envenom[ en-ven-uh m ]SEE DEFINITION OF envenom
EXAMPLES FROM THE WEB FOR ENVENOM
It requires but a few drops of poison to envenom a whole well.
These notaries are strange fellows; they envenom everything.
It is for us, then, to nurse the antagonism already existent between the two, to envenom their mutual mistrust and reproaches.
If we continue in this strain, caballero, we shall only envenom our discussion, without coming to an understanding.
I feel moved to say bitter things—to shoot darts in defiance at every glance—to envenom every sentence which I speak.
In a heart already alienated from the established authorities, this could only envenom a bitter spirit.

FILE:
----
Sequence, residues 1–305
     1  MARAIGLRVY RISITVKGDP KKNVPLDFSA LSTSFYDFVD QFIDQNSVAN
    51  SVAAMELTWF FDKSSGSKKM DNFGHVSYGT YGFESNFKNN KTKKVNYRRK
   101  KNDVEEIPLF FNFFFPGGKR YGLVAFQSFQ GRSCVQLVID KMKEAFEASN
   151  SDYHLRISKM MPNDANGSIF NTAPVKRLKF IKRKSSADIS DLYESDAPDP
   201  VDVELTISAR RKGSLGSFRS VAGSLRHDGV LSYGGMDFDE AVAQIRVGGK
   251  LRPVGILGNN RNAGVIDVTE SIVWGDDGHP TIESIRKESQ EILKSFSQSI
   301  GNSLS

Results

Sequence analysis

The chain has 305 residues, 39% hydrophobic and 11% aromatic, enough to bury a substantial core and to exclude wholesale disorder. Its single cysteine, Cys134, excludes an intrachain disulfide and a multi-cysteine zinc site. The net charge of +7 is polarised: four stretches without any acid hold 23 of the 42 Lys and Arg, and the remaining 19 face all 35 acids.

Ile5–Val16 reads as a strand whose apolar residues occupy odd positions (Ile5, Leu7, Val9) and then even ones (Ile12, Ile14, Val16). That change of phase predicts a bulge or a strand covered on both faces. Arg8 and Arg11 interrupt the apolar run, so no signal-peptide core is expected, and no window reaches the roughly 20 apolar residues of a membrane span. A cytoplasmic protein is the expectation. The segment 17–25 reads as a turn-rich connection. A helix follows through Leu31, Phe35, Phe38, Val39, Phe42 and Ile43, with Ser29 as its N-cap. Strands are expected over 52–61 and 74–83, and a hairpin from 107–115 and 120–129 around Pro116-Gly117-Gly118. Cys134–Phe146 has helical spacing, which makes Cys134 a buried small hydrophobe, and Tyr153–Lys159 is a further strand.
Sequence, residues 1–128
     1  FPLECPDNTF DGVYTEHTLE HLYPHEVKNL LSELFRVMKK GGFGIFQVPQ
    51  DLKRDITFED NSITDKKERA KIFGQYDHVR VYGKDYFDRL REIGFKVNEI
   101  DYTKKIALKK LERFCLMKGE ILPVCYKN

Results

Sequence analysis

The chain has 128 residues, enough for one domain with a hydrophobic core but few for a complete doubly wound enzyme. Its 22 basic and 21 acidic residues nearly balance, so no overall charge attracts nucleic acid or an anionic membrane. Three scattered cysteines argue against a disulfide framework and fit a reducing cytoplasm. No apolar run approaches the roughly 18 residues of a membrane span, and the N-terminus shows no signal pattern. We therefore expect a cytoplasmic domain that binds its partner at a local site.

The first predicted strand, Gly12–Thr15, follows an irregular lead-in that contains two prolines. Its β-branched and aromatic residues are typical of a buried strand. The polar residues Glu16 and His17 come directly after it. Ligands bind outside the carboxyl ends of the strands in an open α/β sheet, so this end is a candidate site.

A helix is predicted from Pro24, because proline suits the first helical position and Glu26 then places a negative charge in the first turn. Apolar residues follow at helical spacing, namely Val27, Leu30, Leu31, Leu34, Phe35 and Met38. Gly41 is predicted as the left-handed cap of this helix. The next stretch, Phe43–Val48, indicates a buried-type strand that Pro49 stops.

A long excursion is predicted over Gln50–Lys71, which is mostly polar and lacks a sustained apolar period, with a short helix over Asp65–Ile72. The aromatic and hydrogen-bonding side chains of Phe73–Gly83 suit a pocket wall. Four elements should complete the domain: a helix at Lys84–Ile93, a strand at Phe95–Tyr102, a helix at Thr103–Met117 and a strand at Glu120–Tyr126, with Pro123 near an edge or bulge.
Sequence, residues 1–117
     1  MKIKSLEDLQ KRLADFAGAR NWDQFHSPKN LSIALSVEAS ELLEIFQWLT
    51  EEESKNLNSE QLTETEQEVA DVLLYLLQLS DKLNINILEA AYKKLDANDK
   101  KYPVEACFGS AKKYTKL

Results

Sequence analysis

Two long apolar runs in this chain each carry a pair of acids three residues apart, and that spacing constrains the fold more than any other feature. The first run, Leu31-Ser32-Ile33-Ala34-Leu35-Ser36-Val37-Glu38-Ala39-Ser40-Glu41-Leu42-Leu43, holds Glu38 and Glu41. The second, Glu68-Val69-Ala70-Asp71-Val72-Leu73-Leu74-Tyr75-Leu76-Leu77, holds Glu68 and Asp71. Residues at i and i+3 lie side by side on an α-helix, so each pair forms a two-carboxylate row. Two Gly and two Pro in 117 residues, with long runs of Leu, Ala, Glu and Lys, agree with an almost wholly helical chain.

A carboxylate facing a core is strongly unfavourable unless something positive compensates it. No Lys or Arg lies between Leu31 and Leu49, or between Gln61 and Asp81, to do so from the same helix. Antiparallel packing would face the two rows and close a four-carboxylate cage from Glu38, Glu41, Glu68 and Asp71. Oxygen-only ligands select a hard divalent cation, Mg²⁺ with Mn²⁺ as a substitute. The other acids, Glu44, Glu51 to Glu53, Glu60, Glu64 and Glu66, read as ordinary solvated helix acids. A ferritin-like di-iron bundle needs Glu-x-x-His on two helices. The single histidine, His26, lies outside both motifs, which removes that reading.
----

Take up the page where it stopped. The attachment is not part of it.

All power being given to the awful enemy, he is beautiful where he pleases, in order to point and envenom his ghostly ugliness.
Passions it is, human passions, intermingling with the wrong itself that envenom the sense of wrong.
They also understand and sometimes employ poisons, not to envenom their weapons, but for secretly taking off an enemy.
In short, people fear that this is a sign that England wants so to envenom the situation that war will become inevitable.